A substantial percentage of patients, estimated to be up to 30%, has resistance to clopidogrel. Multiple intrinsic and extrinsic mechanisms such as drug–drug interactions involving cytochrome P450 3A4, polymorphisms of the P2Y12 receptor and increased release of adenosine diphosphate (ADP) have been implicated.29 Routine platelet function testing to adjust antiplatelet therapy is not recommended according to current guidelines. However, high platelet reactivity (HPR) defined as ADP test ≥70% in patients with CTO lesions has been associated with lower survival. In a study by De Gregorio et al., which included 1,101 patients who underwent a CTO PCI attempt, HPR was found in 18% of the patients.30 Means for the ADP test by light transmission aggregometry were 44 ± 16% versus 77 ± 6%, respectively. Three-year survival was significantly higher in the optimal platelet reactivity (OPR) group compared with HPR patients (95.3 ± 0.8% versus 86.2 ± 2.8%; p<0.001). Interestingly, cardiac survival was similar in patients with OPR compared with those with HPR whose therapy had been escalated to either prasugrel or ticagrelor (95.3 ± 0.8% versus 90.7 ± 3.9%; p=0.172) suggesting that a tailored antiplatelet therapy in patients with high atherothrombotic burden, such as those with CTO lesions, based on platelet test, could lead to survival benefit.
The TIGER-BVS trial randomizes patients who receive CTO PCI with Absorb bioresorbable vascular scaffold (Abbott Vascular) implantation to receive ticagrelor or clopidogrel, focusing on the recovery of vascular function.31 The rationale behind this trial is that the worse CTO PCI outcomes compared with the non-CTO interventions might be partially associated with impaired vasomotor function in the vessels post PCI. Ticagrelor increases local adenosine by blocking its uptake and through its vasodilating effect can potentially improve vessel vasomotor function.32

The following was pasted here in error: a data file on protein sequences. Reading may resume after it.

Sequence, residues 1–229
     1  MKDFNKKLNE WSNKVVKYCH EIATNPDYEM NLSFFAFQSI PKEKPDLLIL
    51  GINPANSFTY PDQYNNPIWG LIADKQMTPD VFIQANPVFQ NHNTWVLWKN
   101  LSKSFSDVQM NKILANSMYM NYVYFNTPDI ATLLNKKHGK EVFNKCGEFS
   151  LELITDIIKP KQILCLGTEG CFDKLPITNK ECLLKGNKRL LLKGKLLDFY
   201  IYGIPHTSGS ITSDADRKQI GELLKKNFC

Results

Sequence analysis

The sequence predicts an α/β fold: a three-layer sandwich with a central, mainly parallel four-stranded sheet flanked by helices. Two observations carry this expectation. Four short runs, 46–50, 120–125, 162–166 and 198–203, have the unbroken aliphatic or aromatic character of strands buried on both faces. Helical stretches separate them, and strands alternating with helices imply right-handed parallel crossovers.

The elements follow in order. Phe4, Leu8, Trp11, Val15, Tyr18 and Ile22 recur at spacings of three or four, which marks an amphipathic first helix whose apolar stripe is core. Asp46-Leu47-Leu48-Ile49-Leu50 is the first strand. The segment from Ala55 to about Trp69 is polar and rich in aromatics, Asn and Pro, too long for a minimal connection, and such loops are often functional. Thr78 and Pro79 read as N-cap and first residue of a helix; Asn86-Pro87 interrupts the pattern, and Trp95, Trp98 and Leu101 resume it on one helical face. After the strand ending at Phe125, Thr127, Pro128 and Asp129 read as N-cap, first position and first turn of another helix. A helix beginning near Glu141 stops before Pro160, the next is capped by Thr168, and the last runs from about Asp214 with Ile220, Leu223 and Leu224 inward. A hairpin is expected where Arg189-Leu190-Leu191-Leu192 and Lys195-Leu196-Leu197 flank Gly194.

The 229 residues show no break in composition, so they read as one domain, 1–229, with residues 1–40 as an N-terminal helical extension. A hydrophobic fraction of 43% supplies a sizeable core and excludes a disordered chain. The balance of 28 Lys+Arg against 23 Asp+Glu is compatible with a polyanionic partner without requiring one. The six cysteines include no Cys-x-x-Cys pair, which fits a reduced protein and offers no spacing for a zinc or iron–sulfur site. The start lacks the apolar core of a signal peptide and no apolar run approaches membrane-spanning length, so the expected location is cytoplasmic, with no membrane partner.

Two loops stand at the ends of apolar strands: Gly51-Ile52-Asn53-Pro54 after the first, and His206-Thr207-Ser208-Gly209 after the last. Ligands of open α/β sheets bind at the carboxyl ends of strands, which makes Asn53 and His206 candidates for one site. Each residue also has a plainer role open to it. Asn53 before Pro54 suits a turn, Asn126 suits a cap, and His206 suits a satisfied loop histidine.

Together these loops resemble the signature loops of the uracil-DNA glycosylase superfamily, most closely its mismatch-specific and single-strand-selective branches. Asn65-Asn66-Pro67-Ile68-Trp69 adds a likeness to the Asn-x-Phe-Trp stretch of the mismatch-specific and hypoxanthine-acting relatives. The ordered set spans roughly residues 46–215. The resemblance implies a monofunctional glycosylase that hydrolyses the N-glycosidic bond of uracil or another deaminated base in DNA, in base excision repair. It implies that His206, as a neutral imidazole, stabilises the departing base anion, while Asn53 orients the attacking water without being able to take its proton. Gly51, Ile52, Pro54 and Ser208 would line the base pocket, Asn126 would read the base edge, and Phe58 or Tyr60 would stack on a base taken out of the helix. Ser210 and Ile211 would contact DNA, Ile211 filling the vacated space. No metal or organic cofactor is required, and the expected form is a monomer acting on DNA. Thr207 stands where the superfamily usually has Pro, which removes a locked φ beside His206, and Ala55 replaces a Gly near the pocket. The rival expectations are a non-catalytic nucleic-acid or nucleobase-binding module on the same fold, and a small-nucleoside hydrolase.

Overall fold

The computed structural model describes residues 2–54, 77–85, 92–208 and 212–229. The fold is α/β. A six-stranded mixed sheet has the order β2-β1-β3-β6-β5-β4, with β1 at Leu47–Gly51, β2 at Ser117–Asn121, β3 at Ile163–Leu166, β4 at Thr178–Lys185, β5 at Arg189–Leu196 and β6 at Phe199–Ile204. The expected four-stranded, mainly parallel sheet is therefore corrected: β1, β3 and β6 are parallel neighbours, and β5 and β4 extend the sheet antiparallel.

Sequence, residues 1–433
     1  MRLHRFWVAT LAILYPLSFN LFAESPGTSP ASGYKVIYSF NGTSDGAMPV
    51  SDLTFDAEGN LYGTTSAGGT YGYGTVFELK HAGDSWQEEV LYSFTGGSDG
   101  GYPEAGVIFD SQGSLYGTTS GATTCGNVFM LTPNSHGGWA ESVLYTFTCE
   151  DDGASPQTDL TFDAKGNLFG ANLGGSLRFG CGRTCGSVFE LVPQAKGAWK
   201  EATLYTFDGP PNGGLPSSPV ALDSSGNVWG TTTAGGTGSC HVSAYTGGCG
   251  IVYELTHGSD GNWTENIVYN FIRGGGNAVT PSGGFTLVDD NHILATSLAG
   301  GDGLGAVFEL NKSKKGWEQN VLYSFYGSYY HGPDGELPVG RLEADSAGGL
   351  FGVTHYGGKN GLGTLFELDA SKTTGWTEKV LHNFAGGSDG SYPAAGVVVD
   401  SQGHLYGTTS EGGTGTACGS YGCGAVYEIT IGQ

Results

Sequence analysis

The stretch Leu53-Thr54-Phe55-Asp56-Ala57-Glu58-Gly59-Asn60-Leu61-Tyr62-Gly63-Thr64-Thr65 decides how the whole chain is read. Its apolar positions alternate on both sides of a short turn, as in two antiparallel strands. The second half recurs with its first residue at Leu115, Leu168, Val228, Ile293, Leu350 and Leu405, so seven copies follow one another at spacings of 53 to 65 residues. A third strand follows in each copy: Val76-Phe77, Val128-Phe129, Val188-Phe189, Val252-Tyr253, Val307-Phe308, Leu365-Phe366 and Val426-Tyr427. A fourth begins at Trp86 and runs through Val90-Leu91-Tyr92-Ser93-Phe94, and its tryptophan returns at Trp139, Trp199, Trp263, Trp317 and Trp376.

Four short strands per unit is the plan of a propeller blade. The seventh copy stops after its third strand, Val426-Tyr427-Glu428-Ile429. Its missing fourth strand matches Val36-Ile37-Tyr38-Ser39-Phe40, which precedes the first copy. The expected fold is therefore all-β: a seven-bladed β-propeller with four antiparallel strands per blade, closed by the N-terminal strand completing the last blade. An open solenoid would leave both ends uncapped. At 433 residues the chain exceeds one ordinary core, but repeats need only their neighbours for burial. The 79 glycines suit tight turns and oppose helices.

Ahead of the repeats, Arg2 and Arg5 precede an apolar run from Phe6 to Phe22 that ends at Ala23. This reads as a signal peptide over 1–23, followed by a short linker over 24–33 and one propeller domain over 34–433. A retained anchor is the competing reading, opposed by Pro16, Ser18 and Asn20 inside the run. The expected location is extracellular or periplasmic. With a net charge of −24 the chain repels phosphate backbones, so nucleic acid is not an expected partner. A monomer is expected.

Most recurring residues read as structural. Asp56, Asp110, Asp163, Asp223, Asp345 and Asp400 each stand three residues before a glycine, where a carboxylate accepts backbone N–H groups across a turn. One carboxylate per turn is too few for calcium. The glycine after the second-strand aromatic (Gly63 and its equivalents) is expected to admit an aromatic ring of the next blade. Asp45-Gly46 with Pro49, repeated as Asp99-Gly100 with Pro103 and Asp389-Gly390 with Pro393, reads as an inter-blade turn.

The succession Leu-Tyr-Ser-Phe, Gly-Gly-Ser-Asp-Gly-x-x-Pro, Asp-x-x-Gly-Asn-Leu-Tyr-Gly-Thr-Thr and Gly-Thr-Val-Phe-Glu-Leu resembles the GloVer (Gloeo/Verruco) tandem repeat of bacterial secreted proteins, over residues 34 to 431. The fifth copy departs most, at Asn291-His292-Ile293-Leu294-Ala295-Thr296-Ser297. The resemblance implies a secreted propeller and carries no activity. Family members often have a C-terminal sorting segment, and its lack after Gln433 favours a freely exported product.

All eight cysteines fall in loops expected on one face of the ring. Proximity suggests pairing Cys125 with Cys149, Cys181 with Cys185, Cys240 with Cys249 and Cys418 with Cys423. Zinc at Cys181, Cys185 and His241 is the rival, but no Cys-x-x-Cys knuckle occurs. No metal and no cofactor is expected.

Prasugrel or ticagrelor may be considered as an alternative to clopidogrel, in specific high-risk situations of elective stenting (e.g. suboptimal stent deployment or other procedural characteristics associated with high risk of stent thrombosis, complex left main stem, or multivessel stenting), CTO PCI (left main CTO PCI, more than one CTO PCI, CTO plus non-CTO PCI) or if DAPT cannot be used because of aspirin intolerance.33 CTOs frequently have a high burden of calcific deposit predisposing to stent underexpansion. In such cases the selection of prasugrel or ticagrelor over clopidogrel is reasonable.
Wang et al. compared two different doses of ticagrelor (180 mg loading dose, 90 mg twice daily thereafter and 120-mg loading dose, 60 mg twice daily thereafter) with clopidogrel (300-mg loading dose, 75 mg daily thereafter) in East Asian patients with CTO undergoing PCI.34 At 1-year follow-up, both ticagrelor doses reduced the rate of MACCE (6.4% versus 7.3% versus 14.2%; p=0.023 for the ticagrelor 90 mg, ticagrelor 60 mg and clopidogrel 75 mg group respectively) and target vessel revascularization (2.3% versus 2.8% versus 7.4%, respectively; p=0.047). This was at the expense of higher major bleeding (4.1% versus 0.6% versus 0.6%, respectively; p=0.016) and minor bleeding (23.4% versus 12.4% versus 11.9%, respectively; p=0.004) with 90 mg of ticagrelor, leading the authors to conclude that in East Asian patients with CTO undergoing PCI, 60 mg ticagrelor was as effective as 90 mg and at the same time significantly reduced risk of bleeding. Nevertheless, the patients included in the study were exclusively Asian and the results cannot be extrapolated to other populations. The reduction in MACCE should not be attributed exclusively to the effect of the more potent antiplatelet on CTOs but also to the more effective prevention of thrombotic events triggered by different unstable atheromatous plaques found in patients’ coronary trees.
Revascularization of CTO lesions is one of the most complex subsets of coronary interventions, posing often significant challenges to the interventional cardiologist. Choosing the optimum periprocedural anticoagulation and antiplatelet agent as well as long term DAPT regimen are of paramount importance. Although emerging data support that bivalirudin can be an effective and safe anticoagulant for CTO interventions, heparin is still the preferred option given the fact that its action can be reversed by protamine administration. Glycoprotein IIb/IIIa receptor inhibitors should be avoided in general, as they have been associated with increased mortality and they can increase bleeding due to an unrecognized minor perforation. Aspirin in combination with clopidogrel for 6–12 months is the standard DAPT in patients who have undergone CTO PCI. The duration of DAPT is individualized after balancing the ischemic and bleeding risk. Finally, in patients with stent underexpansion, left main CTO PCI and more than one CTO PCIs or CTO PCI plus non-CTO PCI during the same procedure, the administration of ticagrelor or prasugrel instead of clopidogrel seems reasonable.